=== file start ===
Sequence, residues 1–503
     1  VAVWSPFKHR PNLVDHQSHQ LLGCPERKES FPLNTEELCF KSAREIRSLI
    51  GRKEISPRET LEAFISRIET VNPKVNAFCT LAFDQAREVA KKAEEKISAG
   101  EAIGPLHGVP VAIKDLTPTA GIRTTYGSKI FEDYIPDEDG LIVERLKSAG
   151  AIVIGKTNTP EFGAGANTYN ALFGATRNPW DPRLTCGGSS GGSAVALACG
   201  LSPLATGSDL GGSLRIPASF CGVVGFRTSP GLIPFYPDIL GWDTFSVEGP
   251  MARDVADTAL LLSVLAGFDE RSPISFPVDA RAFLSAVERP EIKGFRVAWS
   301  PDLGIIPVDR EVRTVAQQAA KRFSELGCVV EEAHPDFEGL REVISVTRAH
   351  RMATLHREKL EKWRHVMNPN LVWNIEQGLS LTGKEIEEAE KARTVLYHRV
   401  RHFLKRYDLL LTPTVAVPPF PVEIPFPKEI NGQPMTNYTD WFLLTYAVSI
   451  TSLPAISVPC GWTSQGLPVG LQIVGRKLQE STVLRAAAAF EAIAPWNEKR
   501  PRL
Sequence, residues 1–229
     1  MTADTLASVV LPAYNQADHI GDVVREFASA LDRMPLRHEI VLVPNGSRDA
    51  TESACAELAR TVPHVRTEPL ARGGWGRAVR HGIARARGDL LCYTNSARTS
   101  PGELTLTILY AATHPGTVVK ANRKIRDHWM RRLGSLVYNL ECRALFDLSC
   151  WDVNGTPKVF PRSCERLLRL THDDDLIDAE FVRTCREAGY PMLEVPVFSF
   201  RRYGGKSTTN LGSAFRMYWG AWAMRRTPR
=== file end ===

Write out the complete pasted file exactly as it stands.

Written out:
Sequence, residues 1–503
     1  VAVWSPFKHR PNLVDHQSHQ LLGCPERKES FPLNTEELCF KSAREIRSLI
    51  GRKEISPRET LEAFISRIET VNPKVNAFCT LAFDQAREVA KKAEEKISAG
   101  EAIGPLHGVP VAIKDLTPTA GIRTTYGSKI FEDYIPDEDG LIVERLKSAG
   151  AIVIGKTNTP EFGAGANTYN ALFGATRNPW DPRLTCGGSS GGSAVALACG
   201  LSPLATGSDL GGSLRIPASF CGVVGFRTSP GLIPFYPDIL GWDTFSVEGP
   251  MARDVADTAL LLSVLAGFDE RSPISFPVDA RAFLSAVERP EIKGFRVAWS
   301  PDLGIIPVDR EVRTVAQQAA KRFSELGCVV EEAHPDFEGL REVISVTRAH
   351  RMATLHREKL EKWRHVMNPN LVWNIEQGLS LTGKEIEEAE KARTVLYHRV
   401  RHFLKRYDLL LTPTVAVPPF PVEIPFPKEI NGQPMTNYTD WFLLTYAVSI
   451  TSLPAISVPC GWTSQGLPVG LQIVGRKLQE STVLRAAAAF EAIAPWNEKR
   501  PRL
Sequence, residues 1–229
     1  MTADTLASVV LPAYNQADHI GDVVREFASA LDRMPLRHEI VLVPNGSRDA
    51  TESACAELAR TVPHVRTEPL ARGGWGRAVR HGIARARGDL LCYTNSARTS
   101  PGELTLTILY AATHPGTVVK ANRKIRDHWM RRLGSLVYNL ECRALFDLSC
   151  WDVNGTPKVF PRSCERLLRL THDDDLIDAE FVRTCREAGY PMLEVPVFSF
   201  RRYGGKSTTN LGSAFRMYWG AWAMRRTPR